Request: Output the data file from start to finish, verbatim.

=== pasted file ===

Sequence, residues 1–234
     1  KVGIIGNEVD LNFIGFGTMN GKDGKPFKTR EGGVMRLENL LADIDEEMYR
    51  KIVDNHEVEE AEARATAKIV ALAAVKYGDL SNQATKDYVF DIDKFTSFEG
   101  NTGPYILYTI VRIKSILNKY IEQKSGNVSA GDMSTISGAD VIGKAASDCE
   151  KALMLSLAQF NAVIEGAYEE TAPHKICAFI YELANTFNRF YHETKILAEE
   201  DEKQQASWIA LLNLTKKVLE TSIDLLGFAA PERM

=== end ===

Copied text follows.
Sequence, residues 1–234
     1  KVGIIGNEVD LNFIGFGTMN GKDGKPFKTR EGGVMRLENL LADIDEEMYR
    51  KIVDNHEVEE AEARATAKIV ALAAVKYGDL SNQATKDYVF DIDKFTSFEG
   101  NTGPYILYTI VRIKSILNKY IEQKSGNVSA GDMSTISGAD VIGKAASDCE
   151  KALMLSLAQF NAVIEGAYEE TAPHKICAFI YELANTFNRF YHETKILAEE
   201  DEKQQASWIA LLNLTKKVLE TSIDLLGFAA PERM